Asset Recycling: Cabinet approves toll-operate-transfer model

Cabinet approves toll-operate-transfer model

In August 2016, the Cabinet Committee on Economic Affairs (CCEA) approved the toll-operate-transfer (TOT) model to monetise public-funded operational toll-based projects which have been generating revenues for a minimum of two years after the commercial operation date. The Ministry of Road Transport and Highways anticipates garnering about Rs 700 billion of funds through the sale of toll collection rights on toll plazas. These funds are expected to be deployed for the execution of projects on various models and will augment the financial capacity of the National Highways Authority of India (NHAI).

How the model works

Under the TOT model, the rights of toll collection on operational public-funded national highway stretches will be given to a private investor, developer or institutional investor for a specific duration, preferably long term (30-year concession), against an upfront payment to the government. Besides, during the contract tenure, the operations and maintenance (O&M) responsibility will remain with the selected developer/investor. Technical and financial capabilities will define the pre-eligibility criteria for the selection of the private entity.

NHAI plans to auction the project stretches in bundles to ensure a minimum investment size of $100 million-$150 million and physical proximity of stretches will also be a consideration.

The TOT model is aimed at overcoming the key limitations of the operations, maintenance and tolling (OMT) model. These limitations include a relatively short concession period of six-nine years depending on when the major periodic maintenance is due, the restriction of participation to contractors and developers only, and a high level of exemptions.

Globally, the TOT model has already been tested in Chicago, Puerto Rico, Indiana and Malaysia with concession periods ranging between 40 and 99 years and is deemed to be 100 per cent risk-free for investors and the government. In these cases, the complete responsibility of O&M of the road lies with the TOT concessionaire.

Key benefits

From the government’s point of view, the TOT model is likely to be beneficial in securitising future cash flows which can be utilised for the creation of new assets. It will simultaneously aid in reducing the O&M burden on NHAI for operational projects.

In a major departure from the OMT model, besides developers and contractors, the TOT model also offers a plethora of participation opportunities to a new vertical of developers specialising in O&M of highways. It will also open the doors to other categories of investors such as institutional investors (including pension funds, insurance funds and sovereign funds) willing to invest in low-risk assets. Although these players are averse to taking construction risks, they are reasonably well equipped for making long-term investments in road infrastructure. Besides, the involvement of private players will be useful in ensuring efficient output and plugging the gaps associated with leakages in toll collection.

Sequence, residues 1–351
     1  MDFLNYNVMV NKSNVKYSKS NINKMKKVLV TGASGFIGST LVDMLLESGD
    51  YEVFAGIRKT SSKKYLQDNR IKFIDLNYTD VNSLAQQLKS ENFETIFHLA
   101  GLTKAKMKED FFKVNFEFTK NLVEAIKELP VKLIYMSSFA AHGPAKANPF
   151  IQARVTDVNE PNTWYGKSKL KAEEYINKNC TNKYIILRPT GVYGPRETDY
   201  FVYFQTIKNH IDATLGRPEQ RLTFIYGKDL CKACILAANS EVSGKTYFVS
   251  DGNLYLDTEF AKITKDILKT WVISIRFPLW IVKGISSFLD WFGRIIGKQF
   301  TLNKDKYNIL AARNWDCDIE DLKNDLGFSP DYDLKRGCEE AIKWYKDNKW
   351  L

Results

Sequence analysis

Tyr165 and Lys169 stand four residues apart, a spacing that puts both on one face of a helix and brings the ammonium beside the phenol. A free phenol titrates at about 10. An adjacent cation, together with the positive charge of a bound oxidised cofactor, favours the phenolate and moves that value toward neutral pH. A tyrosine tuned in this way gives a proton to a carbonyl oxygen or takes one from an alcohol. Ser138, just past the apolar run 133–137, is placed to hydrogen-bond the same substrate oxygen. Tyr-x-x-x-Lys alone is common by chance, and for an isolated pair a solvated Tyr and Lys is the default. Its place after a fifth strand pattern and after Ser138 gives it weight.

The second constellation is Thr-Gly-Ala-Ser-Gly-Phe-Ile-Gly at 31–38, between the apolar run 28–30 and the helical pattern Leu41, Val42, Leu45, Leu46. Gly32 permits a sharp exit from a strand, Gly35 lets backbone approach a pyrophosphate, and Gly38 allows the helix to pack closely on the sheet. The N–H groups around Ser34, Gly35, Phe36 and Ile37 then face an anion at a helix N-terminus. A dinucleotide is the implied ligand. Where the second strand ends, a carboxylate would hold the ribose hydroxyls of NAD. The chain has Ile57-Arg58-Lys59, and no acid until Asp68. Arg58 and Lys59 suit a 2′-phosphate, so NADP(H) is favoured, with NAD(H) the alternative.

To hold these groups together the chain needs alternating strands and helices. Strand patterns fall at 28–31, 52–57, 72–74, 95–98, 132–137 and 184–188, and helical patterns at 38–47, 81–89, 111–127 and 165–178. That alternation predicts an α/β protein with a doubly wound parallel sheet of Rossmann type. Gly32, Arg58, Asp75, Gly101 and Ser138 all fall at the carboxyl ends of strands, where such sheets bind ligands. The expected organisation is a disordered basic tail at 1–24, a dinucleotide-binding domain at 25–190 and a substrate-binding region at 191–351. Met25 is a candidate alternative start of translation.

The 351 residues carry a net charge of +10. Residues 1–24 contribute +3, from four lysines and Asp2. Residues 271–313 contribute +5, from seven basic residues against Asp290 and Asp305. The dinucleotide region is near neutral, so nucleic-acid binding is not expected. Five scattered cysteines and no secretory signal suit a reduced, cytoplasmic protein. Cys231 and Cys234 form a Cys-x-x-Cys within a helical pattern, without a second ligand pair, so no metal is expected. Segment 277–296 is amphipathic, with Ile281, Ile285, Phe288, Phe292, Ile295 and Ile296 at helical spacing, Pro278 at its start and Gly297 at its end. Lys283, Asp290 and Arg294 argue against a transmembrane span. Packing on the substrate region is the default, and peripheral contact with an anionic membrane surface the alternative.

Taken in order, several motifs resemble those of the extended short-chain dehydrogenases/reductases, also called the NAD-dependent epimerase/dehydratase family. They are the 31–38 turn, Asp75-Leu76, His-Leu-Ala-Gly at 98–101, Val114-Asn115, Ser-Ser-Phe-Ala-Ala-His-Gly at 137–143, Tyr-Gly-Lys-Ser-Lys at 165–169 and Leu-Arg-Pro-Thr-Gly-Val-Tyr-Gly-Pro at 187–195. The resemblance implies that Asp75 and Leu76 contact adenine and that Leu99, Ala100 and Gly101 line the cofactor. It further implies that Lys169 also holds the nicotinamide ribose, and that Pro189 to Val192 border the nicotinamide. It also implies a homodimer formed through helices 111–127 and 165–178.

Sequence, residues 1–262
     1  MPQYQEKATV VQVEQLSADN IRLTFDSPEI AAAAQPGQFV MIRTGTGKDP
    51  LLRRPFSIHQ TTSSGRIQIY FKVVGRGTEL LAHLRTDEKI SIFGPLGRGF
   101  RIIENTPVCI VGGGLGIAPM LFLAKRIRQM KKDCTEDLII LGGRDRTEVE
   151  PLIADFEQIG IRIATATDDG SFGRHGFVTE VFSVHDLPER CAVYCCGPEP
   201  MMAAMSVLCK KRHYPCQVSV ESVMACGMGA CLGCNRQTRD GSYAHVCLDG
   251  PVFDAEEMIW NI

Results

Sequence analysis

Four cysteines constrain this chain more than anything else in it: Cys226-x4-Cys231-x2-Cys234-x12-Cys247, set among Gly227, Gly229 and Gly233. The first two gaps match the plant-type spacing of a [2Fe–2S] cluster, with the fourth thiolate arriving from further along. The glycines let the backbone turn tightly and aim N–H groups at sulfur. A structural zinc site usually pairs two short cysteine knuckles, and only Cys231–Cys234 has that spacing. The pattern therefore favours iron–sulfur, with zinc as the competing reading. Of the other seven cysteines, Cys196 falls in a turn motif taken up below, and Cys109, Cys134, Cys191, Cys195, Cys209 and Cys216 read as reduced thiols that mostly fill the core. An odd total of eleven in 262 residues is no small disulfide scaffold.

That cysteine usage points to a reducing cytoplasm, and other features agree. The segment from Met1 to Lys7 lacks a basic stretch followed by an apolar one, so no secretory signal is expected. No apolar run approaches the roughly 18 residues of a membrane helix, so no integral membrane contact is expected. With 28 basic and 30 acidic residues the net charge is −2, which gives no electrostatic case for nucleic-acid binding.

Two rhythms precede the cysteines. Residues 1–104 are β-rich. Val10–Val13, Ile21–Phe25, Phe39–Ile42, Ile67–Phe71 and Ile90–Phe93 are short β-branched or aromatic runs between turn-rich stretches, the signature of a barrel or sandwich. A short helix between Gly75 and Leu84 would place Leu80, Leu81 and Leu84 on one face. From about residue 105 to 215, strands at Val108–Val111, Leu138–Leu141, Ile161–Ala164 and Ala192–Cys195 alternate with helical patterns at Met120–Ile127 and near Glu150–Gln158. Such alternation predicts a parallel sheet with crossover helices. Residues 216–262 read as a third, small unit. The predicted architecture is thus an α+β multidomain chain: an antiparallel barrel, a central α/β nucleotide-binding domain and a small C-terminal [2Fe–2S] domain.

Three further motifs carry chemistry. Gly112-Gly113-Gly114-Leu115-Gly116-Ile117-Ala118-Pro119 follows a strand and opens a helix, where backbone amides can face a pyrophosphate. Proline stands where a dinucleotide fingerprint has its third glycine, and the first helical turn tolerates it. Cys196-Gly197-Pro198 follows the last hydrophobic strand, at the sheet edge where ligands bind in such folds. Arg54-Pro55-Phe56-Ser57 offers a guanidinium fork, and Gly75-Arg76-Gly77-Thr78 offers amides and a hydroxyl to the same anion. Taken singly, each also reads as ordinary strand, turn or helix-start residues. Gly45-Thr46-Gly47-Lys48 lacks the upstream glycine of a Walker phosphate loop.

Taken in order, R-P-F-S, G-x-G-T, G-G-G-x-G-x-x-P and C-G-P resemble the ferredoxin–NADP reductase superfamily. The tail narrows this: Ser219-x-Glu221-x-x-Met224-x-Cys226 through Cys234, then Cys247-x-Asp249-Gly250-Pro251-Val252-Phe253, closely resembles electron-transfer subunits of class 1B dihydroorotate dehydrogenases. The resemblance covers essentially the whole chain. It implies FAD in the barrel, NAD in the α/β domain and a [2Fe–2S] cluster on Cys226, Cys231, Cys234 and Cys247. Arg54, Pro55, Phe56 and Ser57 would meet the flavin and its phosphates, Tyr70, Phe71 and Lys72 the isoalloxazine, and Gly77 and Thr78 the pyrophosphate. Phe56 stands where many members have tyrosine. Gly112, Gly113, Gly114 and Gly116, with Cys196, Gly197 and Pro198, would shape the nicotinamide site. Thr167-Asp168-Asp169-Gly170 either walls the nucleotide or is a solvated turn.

According to reports, the Canada Pension Plan Investment Board, Macquarie Group Limited, Brookfield Asset Management, Inc. and Gammon India Limited, among others, have evinced interest in India’s TOT model.

Besides, in February 2016, the Abu Dhabi Investment Authority, a sovereign wealth fund of the emirate, expressed willingness to invest

Rs 350 billion in 50 highway projects in India on a TOT basis. This is reflective of the zeal and long-term investment appetite of private players to engage in the sector. The decision of whether to award these projects in a portfolio or on a single-project basis is being considered. The upfront fee that the private partner will pay will be calculated based on future toll collection projections.

Progress so far

The government has over 100 operational toll roads constructed through public funds for which NHAI collects toll revenue. Seventy-five operational national highway projects have already been identified for potential monetisation using the TOT model. Of these, the majority are in the medium traffic density corridor. Reportedly, these 75 projects generate around Rs 27 billion in toll annually. In August 2016, the authority issued a request for qualification for the pre-qualification of agencies to prepare a report on the physical condition of national highways under consideration for award under the TOT model. As per recent reports, NHAI is looking at floating tenders to monetise road assets in the next two-three months.


The long-due TOT model looks promising on paper. While it is too early to weigh its actual benefits, to ensure sound implementation, clar-ity around the model is a must. Issues related to the duration and uniformity of concession periods, minimum portfolio size, proposed termination payment clause, and capacity augmentation after project award need to be tackled.

The increased focus of the government on the roads and highways sector is likely to increase the number of public-funded operational highway projects in the coming years. Thus, the effective implementation of the TOT model could be a win-win situation for all stakeholders in the sector.